Posture and positioning
How to avoid back-cleavage and a badly fitting wedding dress
The way your wedding dress fits on your wedding day is not only up to the shop or dressmaker, You can influence the fit, simply armed with the right knowledge. This is about POSTURE and POSITIONING.
Just to be clear, this advice is purely based on the experience of a hard-working, 40-something mum, who spends a long time at a sewing machine and leaning over a pattern-cutting table, with no medical training whatsoever. Consult your Doctor or physiotherapist before taking any of these suggestions… I can take no responsibility if your posture improves from this amateur advice.
From when you first try wedding dresses on, through to having your first fitting, being fastened into your dress, and then dancing the night away in it, if you stand, sit and breathe correctly, you’ll notice a difference, and might just feel a whole lot better. This means practise:
Stand or sit straight, shoulders down and back, but not over-stretched, chin up, engage your pelvic muscles…yes that’s right…all of them. Without moving your shoulders.., take a deeeeeep breath, just using your belly if you can – push it out and in. You’ll feel your diaphragm muscle doing most of the work – keep your shoulders and upper chest as still as you can. Then try and continue with your normal breathing rhythm, maybe a bit slower and deeper if you can, but using the diaphragm as your main breathing muscle, letting the bottom of your lungs enjoy a bit of action.
If you’re able to stand, try with your feet slightly apart, rock forwards and backwards (preferably without toppling over), until you find the central position between the two: your hips are directly above your feet, knees soft, bum not sticking out, or hips slouched forwards.
If you are able, why not give it a go right now…and can you feel a difference…bit more relaxed and calm? Any medics reading this who want to chip in…would love you to comment!
Here’s the nitty gritty on getting into your dress properly on the day.This bit is for whoever is dressing you on the morning of your wedding…
Most wedding dresses are fastened at the centre back and are generally snug – so there’s a bit of a knack in getting them done up, without creating the dreaded “back-cleavage”. Read on for 10 top tips to avoid it…
1.Once fastened, have your dresser run their fingers under the back of your bra strap to redistribute the skin at the centre, outwards, to avoid a centre back skin crease.
2.Step into your dress and stand in front of a mirror with CORRECT POSTURE, so your dresser can also see your front in the mirror.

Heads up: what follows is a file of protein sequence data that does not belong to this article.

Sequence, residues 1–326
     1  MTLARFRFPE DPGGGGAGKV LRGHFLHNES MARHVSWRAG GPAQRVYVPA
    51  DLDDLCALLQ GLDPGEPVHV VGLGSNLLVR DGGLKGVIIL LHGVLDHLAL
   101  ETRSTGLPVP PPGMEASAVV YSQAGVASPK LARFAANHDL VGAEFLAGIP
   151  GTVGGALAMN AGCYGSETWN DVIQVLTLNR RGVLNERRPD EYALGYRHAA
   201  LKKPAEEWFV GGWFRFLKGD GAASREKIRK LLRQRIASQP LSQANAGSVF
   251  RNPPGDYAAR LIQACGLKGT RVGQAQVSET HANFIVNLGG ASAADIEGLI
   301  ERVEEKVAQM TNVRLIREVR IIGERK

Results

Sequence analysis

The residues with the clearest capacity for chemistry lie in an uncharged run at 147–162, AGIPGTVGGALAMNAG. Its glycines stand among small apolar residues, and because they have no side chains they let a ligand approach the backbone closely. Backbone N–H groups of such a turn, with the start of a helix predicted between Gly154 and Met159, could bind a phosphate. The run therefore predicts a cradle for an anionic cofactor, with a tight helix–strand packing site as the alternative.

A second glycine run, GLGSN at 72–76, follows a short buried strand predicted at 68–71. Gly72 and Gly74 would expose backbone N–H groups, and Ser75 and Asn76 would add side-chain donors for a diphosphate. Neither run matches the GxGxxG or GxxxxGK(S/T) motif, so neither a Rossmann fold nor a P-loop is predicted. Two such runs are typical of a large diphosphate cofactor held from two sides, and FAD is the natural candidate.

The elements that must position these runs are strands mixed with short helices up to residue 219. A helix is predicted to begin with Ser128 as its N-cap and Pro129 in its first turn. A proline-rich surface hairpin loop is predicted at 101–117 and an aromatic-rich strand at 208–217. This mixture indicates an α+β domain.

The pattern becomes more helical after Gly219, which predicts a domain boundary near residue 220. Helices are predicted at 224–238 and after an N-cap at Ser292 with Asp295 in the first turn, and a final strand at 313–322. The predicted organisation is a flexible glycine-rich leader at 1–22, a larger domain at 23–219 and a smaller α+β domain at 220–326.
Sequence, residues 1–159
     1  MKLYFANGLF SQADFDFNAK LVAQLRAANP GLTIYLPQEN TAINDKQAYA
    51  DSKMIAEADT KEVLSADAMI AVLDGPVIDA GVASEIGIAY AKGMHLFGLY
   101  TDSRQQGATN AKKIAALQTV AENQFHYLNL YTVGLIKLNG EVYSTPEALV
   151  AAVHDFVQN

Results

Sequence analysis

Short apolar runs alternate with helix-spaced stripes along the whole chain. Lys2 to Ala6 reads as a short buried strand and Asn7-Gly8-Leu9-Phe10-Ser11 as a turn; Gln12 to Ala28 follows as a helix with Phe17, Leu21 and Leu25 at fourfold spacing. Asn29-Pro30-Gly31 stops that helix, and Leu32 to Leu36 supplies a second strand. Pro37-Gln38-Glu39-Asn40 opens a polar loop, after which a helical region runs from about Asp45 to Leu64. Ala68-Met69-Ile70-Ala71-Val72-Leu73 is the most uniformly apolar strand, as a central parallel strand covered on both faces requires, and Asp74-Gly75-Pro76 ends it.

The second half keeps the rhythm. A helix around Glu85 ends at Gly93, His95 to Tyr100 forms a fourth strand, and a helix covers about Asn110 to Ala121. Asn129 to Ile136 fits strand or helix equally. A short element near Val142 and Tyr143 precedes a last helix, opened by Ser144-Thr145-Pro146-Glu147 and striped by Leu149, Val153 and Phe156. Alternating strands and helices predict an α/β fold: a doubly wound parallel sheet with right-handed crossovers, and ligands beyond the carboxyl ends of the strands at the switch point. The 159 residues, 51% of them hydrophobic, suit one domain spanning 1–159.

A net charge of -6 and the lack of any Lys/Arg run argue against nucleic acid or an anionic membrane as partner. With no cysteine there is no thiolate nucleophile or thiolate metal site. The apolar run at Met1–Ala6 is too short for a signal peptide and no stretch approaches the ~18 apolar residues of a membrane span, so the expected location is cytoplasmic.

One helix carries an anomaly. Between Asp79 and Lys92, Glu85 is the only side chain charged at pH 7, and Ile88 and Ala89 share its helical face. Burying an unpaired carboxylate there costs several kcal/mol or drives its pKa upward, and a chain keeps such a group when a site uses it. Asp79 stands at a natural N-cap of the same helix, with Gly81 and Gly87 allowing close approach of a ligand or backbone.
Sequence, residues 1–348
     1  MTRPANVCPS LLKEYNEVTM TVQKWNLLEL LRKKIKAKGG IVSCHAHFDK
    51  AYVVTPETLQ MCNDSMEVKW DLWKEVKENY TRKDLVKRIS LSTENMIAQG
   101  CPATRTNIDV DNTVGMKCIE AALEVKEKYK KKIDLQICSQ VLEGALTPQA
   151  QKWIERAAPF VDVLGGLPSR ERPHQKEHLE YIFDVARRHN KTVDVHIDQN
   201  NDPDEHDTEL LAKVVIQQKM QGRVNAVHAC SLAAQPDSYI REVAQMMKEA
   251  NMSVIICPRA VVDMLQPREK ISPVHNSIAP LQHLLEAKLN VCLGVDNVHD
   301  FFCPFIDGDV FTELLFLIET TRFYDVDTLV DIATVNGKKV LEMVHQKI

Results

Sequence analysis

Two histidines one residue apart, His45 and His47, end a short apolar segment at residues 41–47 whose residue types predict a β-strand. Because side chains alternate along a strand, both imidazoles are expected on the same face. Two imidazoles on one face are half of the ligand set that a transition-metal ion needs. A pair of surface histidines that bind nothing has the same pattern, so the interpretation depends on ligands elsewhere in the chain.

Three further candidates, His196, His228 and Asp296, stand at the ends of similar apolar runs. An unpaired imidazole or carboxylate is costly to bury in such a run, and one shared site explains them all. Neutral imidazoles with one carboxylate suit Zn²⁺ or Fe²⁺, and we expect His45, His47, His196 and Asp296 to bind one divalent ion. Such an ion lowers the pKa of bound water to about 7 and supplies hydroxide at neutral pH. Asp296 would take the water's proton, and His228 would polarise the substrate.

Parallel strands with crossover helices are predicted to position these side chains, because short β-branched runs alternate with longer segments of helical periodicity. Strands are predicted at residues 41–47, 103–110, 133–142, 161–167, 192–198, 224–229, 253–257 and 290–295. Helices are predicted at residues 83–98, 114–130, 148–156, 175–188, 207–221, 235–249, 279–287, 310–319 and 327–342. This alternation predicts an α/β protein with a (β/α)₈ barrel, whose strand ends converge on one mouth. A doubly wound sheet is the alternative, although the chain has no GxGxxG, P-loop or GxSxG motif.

3.You will need to hold the top centre front of your dress in the correct position: centrally on the body, not too high or low, otherwise it might not do up.
4. If there is an internal corset, or criss-cross ribbon fastening, then your dresser will need to start lacing loosely from the top. I’d love to say there is a glamorous designerish technique for this, but really it is just like lacing a pair of trainers. (Neatly). Once it’s all laced, they can go back to the top and keep working down and tightening gradually, while the body settles. During this, they need to keep on checking in the mirror that the front of the dress hasn’t slipped down or sideways.
5. If there’s just a zip or buttons, with no internal corset, you can help by squeezing your hands on your waist, and pushing the fabric towards the back, to give your dresser room to fasten easily. If there are buttons, I find it easiest to fasten the top one, then the waist one, and then work up from the bottom.
6.Once fastened your dress will probably feel tight. Don’t worry if it doesn’t do up first go – it’s a bit like putting on a pair of skinny jeans when they’ve been washed…it takes a while for them to ease. Stay calm, have a pause, then tighten a little bit more after a few minutes. It may even help to move on to “Tip 7” below, before trying to do it up again, and then go back to complete the fastening after some repositioning….
7. The crucial last anti-back-cleavage part…Standing behind you, your dresser will need to place the palm of their left hand, thumb facing down, under your right armpit (we’re all friends aren’t we?!). Then, move the flesh forward as they pull the top edge of the dress gently outwards away from the body and back towards the centre back. Repeat on the opposite side, palm of their right hand under your left armpit, and reposition the body with the dress. Let me know if we need a video of this to explain!
8. Admire the slightly snugger effect this gives at the front…bit more cleavage?
9. Admire the lack of back cleavage and overhang
10. Pour the dresser a nice big glass of bubbly and off you go!
Beautiful photography by: